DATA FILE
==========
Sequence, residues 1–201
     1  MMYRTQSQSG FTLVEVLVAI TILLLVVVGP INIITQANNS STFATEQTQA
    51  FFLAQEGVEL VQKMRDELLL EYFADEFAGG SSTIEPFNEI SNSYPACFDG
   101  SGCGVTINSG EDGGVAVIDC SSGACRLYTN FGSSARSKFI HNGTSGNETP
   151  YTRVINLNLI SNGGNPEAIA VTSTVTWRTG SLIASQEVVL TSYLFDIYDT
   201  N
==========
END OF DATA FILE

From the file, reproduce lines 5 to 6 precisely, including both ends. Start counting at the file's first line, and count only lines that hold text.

   151  YTRVINLNLI SNGGNPEAIA VTSTVTWRTG SLIASQEVVL TSYLFDIYDT
   201  N